“My roommate has a 3-year-old granddaughter,” she said. “I’d like to have this house built before she graduates from high school.”

That’s why in April she fired Chiaramonte Construction & Plumbing Inc., a Central Valley builder who signed contracts with her and about 40 Santa Rosa-area homeowners to rebuild their houses destroyed in the devastating wildfire.

Now, they are a group of disgruntled customers going through the agony of dealing with an out-of-town contractor they say has fallen well short of meeting their expectations. They claim Chiaramonte has blown deadlines, broken promises on construction start dates, made many mistakes, left their homes unfinished and in some cases improperly charged them for unfinished work.

On May 10, Chiaramonte Construction became the first contractor to be accused by fire survivors of negligence and fraud during the massive rebuild underway in fire-ravaged sections of Santa Rosa.

Robert Richner and his wife, whose Mark West Estates home burned, filed a lawsuit against Chiaramonte in Sonoma County Superior Court, alleging fraud and negligent misrepresentation regarding their home construction contract with the Tulare company.

The following week, the California Contractors State License Board opened a preliminary inquiry to assess the allegations, which include fraud, abandoning a construction project and lack of reasonable diligence.

“Recovering from the fires has been so hard on people as it is,” Richner said. The “debacle” with Chiaramonte, he said, “has been salt in the wound.”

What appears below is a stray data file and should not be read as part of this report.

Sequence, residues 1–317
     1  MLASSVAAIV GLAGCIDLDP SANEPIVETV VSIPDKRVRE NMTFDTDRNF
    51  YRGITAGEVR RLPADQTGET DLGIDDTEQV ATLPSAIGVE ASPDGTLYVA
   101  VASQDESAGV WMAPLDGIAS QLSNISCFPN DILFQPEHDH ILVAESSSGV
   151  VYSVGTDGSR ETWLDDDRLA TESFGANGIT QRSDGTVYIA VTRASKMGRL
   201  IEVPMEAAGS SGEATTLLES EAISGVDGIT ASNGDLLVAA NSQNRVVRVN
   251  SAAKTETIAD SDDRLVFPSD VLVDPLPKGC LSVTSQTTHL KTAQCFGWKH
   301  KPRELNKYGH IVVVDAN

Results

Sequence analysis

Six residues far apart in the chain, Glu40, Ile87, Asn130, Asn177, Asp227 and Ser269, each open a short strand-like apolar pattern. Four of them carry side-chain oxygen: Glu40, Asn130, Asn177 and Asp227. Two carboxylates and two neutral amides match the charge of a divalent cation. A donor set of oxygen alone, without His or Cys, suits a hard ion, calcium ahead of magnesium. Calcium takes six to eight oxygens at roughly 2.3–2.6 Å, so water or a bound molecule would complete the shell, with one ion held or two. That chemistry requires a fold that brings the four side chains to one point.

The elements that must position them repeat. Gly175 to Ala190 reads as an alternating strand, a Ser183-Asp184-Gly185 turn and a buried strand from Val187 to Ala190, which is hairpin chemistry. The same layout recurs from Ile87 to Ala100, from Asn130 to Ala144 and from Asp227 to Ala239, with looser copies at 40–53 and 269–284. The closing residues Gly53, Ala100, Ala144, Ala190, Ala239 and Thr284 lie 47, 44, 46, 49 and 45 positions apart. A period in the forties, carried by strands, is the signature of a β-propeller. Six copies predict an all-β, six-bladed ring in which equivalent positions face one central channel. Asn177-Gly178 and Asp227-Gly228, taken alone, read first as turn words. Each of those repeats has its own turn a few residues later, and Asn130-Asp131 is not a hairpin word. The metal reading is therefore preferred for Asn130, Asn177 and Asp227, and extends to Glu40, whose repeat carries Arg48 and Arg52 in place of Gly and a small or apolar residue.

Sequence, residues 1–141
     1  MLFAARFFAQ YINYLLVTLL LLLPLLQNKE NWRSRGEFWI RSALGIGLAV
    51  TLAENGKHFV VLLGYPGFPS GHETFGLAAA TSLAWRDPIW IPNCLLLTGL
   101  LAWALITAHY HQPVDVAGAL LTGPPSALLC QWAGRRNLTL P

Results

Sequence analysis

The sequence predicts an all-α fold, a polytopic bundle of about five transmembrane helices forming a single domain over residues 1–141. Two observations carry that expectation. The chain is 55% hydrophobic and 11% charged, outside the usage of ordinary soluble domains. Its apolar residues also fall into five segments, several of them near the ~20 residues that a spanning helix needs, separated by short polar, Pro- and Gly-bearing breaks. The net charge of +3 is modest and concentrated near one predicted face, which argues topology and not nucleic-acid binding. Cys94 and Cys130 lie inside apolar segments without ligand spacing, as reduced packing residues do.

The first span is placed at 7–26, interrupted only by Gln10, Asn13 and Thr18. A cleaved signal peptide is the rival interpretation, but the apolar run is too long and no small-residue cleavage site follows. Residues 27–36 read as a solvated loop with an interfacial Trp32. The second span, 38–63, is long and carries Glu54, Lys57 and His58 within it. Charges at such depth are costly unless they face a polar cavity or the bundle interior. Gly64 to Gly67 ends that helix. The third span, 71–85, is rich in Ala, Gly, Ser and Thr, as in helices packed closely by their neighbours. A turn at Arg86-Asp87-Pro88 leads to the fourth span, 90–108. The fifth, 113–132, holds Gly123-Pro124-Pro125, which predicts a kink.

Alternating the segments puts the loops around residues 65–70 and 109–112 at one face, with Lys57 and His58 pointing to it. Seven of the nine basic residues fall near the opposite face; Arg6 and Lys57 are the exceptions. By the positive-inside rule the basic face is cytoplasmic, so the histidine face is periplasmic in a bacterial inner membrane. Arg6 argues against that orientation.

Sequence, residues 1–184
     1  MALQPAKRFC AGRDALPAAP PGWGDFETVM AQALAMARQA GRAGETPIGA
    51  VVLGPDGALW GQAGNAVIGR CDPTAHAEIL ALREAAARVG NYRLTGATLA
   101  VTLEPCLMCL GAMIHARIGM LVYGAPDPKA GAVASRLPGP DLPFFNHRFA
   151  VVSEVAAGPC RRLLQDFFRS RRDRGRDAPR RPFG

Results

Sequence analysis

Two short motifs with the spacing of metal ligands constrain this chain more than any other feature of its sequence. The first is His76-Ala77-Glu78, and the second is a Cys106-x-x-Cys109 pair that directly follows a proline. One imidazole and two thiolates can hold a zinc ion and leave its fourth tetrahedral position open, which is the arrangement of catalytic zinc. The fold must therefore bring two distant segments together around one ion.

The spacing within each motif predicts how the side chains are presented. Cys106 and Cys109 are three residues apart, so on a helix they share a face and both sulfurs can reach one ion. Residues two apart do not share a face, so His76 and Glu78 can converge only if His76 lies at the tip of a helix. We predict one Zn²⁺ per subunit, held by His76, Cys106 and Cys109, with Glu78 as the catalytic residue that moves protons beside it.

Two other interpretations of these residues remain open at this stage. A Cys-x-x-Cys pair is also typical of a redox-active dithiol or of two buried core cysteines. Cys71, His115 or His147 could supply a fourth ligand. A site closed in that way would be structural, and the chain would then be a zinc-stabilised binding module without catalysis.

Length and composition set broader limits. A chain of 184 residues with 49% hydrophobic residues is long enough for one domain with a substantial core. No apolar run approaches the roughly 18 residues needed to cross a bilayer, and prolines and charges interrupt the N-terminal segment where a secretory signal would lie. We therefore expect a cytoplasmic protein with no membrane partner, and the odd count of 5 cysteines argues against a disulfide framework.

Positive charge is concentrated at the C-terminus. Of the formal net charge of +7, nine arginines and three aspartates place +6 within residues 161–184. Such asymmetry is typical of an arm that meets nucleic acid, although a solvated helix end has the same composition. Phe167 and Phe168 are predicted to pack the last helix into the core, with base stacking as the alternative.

After losing their Larkfield house in the fire, Brian and Jacqueline Scott also turned to Chiaramonte to build them a new one. What followed, they say, was a long series of mistakes and delays. In late February, after five weeks during which no one worked on the inside of their house, Jacqueline Scott was excited to drop by and find laborers at work. Then she realized they were using her living room to paint someone else’s cabinets.

In the Mark West-Larkfield area, 23 burned homes have been rebuilt, 198 are under construction and permits have been issued for 70 homes, according to Permit Sonoma. Anthony Chiaramonte, a project manager and son of the company president, said the construction firm came up to Sonoma County to help fire survivors get back into homes.

“We didn’t go up there to take advantage of the situation,” Chiaramonte said. He called the disgruntled customers’ allegations against his family’s construction company “false.”

To build her new Mark West house, Kronick claimed Chiaramonte quoted her a price of $245 per square foot. Other builders’ quotes came in at nearly twice that amount. “When I reflect on this,” she said, “it was all too good to be true.”

You can reach Staff Writer Guy Kovner at 707-521-5457 or guy.kovner@pressdemocrat.com. On Twitter @guykovner.